Tuesday, January 15, 2013

The Importance of Being Published






Last night I lay awake for a long time, thinking about a blog post I came across on twitter yesterday.
A friend had posted it, but it had been written by someone else, someone I don't know.
It was a rant.
It was a longish and bitter rant against writers who strive to be published, who talk about being published, and how to get there. This blogger was disgusted by that attitude and postulated that writing was a thing onto itself, something that should be done without having publishing in mind, and writers shouldn't even think about it. She wanted an "artistic exchange" between writers, and not endless shop talk, and she wanted the need for validation gone.
Well.
Here's the thing.
Writing is work. It's a lot of work. It's time consuming, and it leaves you with not doing other things that should be done. It also doesn't exist for itself. Just like a cake that wants to be eaten by many, the writing should go out and be read.

Why is it that artists – including writers – are expected to work for free, and why do they think they should? Why is creativity seen as a by-product of normal life?
What a strange thing this is, creativity. It's all around us, in every design, every piece of clothing, even the cute or funny image on our coffee mug. It's taken for granted, it's a part of human life.
Why write, if there's no one to read it? Why sing, if no one will listen?

I'm not going to give you the bull about "needing" to write, or else. It's just not true. You can decide to be a writer, or you can leave it. There's no such thing as a writing gene that forces you to put pen to paper, it's a decision, because there's a story bubbling away in you. But it can be told just as well to yourself, late at night and in bed, to lull you into dreams. No need to spend weeks or months writing it down.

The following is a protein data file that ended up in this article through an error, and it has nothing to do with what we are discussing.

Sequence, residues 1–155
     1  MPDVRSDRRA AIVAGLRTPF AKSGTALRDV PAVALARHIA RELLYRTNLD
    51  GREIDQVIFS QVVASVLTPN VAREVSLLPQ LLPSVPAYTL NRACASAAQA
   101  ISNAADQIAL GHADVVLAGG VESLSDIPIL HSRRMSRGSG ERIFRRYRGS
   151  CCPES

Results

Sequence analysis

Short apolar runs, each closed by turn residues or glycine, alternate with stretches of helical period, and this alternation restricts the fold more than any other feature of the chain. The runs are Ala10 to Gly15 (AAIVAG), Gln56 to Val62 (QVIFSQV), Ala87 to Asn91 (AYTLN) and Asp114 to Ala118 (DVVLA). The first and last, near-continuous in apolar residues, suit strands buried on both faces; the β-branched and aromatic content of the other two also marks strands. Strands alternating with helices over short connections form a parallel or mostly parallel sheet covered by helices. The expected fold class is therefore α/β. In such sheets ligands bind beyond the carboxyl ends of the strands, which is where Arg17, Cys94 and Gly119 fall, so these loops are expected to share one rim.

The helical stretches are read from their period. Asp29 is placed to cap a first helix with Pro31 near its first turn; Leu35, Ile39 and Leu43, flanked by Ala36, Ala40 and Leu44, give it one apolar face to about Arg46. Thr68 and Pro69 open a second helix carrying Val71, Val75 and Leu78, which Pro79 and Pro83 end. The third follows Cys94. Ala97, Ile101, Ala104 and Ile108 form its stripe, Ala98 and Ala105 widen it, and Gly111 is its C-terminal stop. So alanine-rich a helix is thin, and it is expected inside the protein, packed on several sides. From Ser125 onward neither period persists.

But please don't tell the world that you don't care if someone reads your writing. It's a big, fat lie.
Every baker wants their cake to be eaten, and praised, every singer wants their song to be heard, and every writers wants their stories to be read.

Let's get back to the validation thing for a moment.
What exactly does that mean, "validation"?
It means you get paid. In this particular instance, it means someone bought your novel, and you're getting paid for all those hours you spent writing it. Someone who lives to make money - a publisher, an agent - decided that your work is good enough to make them some coins.
YOU may call it validation. Others call that business. You worked for it – so why not get paid?
The only difference is that no one asked you to do the work. You weren't hired to do it. But that's about the only difference. It was still work. It was fun, you enjoyed doing it, but in the end you have a product that can be sold. So sell it, and don't sit on it because you fear rejection. You wouldn't sit on your cake, either.

Right.
This was my kind of rant about writing.
My publisher keeps saying this: "Butt in chair, write, and then submit!"
I like how they can sum up things this neatly. Too many writers talk about writing instead of writing. They talk about it on twitter, a lot. They attend conferences and workshops, they blog and cry about it, when they should be writing.
So this is where I'm going now: back to my work day. I have a novel to finish.







23 comments:

  1. Nice post, Mariam! I hope to stop talking and get writing now that I'll have time. Oh, and have cake, too! :-)

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  2. Fully agree with you! Writing is a pursuit, not a pastime - as if any of us are so time rich that we need a hobby to pass it!
    Artistic exchanges amongst writers are all well and good, but what I want is to reach, affect and exchange with readers. And get paid for it ideally.

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    1. Thank you, Claire. Everyone wants to get paid for their work!